Knowledge is power! A recent Cyber Ark Software survey reveals a boom in data theft among workers on Wall Street and at Canary Wharf in London. A quarter of respondents professed a willingness to take data from their employers, though 85 percent of them know it’s illegal. The survey suggests that the money boys and girls aren’t shopping their ill-gotten, sensitive company information on the open market, necessarily — they’re holding it in case they get fired and need something on which to get by (though “41 percent of respondents have already taken sensitive data with them to a new position”).
The survey also shows, understandably, drop from 52 to 40 percent of these workers worried about finding another job in the recession over the past year…
This dovetails nicely with a MarketWatch review of The Battle for the Soul of Capitalism, the Jack Bogle book about the “‘Happy Conspiracy” of Wall Street plus co-conspirators in Washington and Corporate America” to keep Goldman Sachs rich. The review by Paul B. Farrell, called “15 Signs Wall Street Pathology is Spreading,” suggests that contrary to the conventional wisdom of Noble Business vs. Corrupt Big Gummint, key amoral attitudes now common in high finance — such as “Paranoid obsessives about secrecy, guilt and non-disclosure,” “Borderline personalities who regularly ignore conflicts of interest,” and “When bankruptcy threatens, bribe friends in ‘Happy Conspiracy'” — have spread to Washington. “Sadly for America,” says Farrell, “Goldman’s disease is rapidly becoming a pandemic spreading beyond Wall Street’s too-greedy-to-fail banks, infecting our economy, markets and government as it metastasizes globally.”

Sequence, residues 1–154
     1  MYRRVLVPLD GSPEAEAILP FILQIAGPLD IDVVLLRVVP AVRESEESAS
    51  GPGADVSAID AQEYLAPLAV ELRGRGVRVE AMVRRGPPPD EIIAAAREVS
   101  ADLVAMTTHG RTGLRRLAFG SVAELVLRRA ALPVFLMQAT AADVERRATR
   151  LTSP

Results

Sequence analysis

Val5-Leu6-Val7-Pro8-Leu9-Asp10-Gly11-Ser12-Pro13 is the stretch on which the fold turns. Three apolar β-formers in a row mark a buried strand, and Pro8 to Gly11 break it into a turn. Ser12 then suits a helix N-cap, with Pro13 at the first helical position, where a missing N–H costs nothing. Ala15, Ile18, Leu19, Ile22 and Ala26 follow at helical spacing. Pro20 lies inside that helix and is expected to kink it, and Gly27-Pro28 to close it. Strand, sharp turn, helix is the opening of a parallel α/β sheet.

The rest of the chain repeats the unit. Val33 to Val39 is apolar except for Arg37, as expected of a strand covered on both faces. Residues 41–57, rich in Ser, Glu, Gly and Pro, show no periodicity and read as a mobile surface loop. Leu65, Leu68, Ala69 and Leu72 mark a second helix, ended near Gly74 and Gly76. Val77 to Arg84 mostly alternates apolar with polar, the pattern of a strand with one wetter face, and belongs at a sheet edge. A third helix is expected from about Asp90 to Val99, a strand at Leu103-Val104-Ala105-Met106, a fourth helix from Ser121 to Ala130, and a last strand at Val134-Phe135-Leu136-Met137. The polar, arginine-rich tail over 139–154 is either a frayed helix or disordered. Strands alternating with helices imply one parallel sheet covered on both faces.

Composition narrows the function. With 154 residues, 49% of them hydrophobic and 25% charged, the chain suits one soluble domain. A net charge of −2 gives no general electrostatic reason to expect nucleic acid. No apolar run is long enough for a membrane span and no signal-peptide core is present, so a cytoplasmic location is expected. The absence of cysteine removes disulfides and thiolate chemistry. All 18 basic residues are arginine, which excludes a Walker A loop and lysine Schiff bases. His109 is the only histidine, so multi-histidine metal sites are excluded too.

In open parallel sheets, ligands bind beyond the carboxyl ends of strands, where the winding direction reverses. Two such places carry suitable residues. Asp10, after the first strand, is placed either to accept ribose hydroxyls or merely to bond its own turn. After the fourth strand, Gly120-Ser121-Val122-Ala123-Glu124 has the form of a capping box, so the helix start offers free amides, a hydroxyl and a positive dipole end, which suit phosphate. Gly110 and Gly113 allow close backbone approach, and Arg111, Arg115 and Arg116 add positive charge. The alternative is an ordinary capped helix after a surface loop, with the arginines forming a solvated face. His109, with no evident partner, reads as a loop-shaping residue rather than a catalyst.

It seems we missed an opportunity when we paid off banks instead of publicly hanging a few of their presidents. The moral delinquency of the small fry on Wall Street may be attributable to our permissiveness.